Yet, like many of the other tales, this adaptation of myth is merely a pallid echo of similar tales and themes far better writers have tackled, and is only one of a handful of the tales based on others’ works, or on folk tales. The novella Great Work Of Time asks what if memory was an illusion, and history was a fluid? It follows, via barely connected scenes, an Otherhood of mystics inspired by Cecil Rhodes, who try to- of course, change history, but the tale bogs down in 1940s style talk of orthogonal logic, and the like. In Snow, somehow nominated for a Hugo Award, he deals with aging and memories, as a bug-sized device called a wasp records a woman’s life, for over eight thousand hours. Its title puts one in mind of the snow on a tv that’s not receiving right. In Missolonghi 1824, an English lord and poet- Byron, anyone?- recalls a meeting with a wild man, who is sort of a missing link. In The Reason For The Visit, the ghost of Virginia Woolf haunts the speaker for no real reason. Here is what passes for depth between the living and dead in Crowley’s universe:


  I saw her surprise when the little light went on in the refrigerator, and when I squeezed lemon juice into the tea from a plastic lemon. The plastic lemon she found enormously witty. For a moment I felt a profound and inappropriate pity for her. I made mayonnaise sandwiches with Pepperidge Farm bread. ‘What an extraordinary number of things you take out of jars and bottles,’ she said.


  Yes, this is the level of his prose. It gets no better nor wittier than this. Then Woolf leaves, and the story ends, without a point. Ain’t PoMo wonderful? Tales such as this are not even annoying the way the horrid little fictions of a Donald Barthelme were. In In Blue, such dubious terms as act-field theory and social calculus are leading a post-Apocalyptic society, guided by seemingly beneficent tyrants, toward a renaissance, and toward a Zen-like Nirvana- think The Matrix meets peyote? In The Nightingale Sings At Night, Crowley deals with an Edenic creation myth, larded with saccharine, in which the Nightingale sings to the Moon, which knows the truths of humanity and mortality. It is mortality, not sex, which is the bane of man’s existence, and expulsion from the Garden. Um, hasn’t this all been done before, starting with that well known fantasist Sigmund Freud? Tales like this, where generic things are made personal with capital letters, is also so warmed over tenth rate wannabe aboriginal mythology that it makes a reader roll their eyes, just as when fat, middle aged whitebread men get drunk and tell you how much they love ‘Trane. Novelty is merely a story within a story trope, pale meta-fiction: a wannabe novelist tries to plot out his next book as he talks with a woman and bartender at a tavern, and relives childhood memories and Catholic guilt. Here’s a classic trope that is as generic as they come:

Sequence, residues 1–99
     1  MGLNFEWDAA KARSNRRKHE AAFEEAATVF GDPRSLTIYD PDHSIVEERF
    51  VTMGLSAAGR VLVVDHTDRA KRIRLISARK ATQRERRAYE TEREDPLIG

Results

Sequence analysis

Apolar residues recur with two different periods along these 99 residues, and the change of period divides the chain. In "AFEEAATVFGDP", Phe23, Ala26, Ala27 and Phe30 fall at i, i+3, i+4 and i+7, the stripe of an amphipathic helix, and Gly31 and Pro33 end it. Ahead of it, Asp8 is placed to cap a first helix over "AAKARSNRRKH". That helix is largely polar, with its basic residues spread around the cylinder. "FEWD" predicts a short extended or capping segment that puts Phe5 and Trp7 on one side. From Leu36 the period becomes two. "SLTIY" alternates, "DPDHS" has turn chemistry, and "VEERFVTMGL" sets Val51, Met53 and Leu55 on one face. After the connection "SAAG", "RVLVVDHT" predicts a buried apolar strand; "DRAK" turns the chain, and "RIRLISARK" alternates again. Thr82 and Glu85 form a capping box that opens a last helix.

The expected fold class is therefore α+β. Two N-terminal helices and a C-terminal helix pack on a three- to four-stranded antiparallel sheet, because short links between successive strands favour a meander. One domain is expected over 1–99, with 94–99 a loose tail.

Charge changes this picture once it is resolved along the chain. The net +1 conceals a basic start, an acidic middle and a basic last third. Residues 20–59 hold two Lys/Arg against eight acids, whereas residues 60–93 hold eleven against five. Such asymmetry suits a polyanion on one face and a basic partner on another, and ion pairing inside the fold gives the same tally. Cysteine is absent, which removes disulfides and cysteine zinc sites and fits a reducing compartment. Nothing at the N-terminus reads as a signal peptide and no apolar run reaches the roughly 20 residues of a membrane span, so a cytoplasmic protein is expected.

In my religion, God and all the rituals and sacraments would stand for the real world. The religion would be a means of perceiving the real world in a sacramental way. A Gnostic ascension. A secret at the heart of it. And the secret is- everything. Common reality. The day outside the church window.

    Yet, never do any of the fictions in this book ever smell of Crowley. There is nothing in this book that I could state that I could not have found elsewhere, and done better. His paw prints are nowhere to be found. It’s not that he’s such a bad writer, as much as he is a superfluous writer, one seemingly void of real inspiration, and stuck in a retro-Anglophilic worldview.

  I swear, I don’t know what annoys me more, the big presses, like this, that deem it fit to publish such uninspired and refried writing, or the small presses who bitch and moan about how corporate giants like HarperCollins are the death of literature, claim that it is their duty to fill in the gaps left by the behemoths, and then merely churn out pointless crap that is just as bad, or worse, as if the solution to the big presses printing garbage is for the little presses to just add to the pile of bad books and writers out there, so that it is next to impossible for readers to find the few writers whose work is of worth to read. That is not the solution, of course, but it does make it necessary for critics to do their job well, and guide the reader. That so few take this role seriously is just another reason for the sad state of contemporary publishing. Not willing to ever let things alone, I state, avoid this book, and this utterly unoriginal writer. He may not kill you with clichés and foul language, the way most PoMo writers do, but he will bore you silly, and only put one thought in your head: I swear I’ve read a story like that before, but where, and by who? ‘Tain’t good folks. Nope. Put the knick-knacks back where they came from.

[An expurgated version of this article originally appeared on the Yet Another Book Review website.]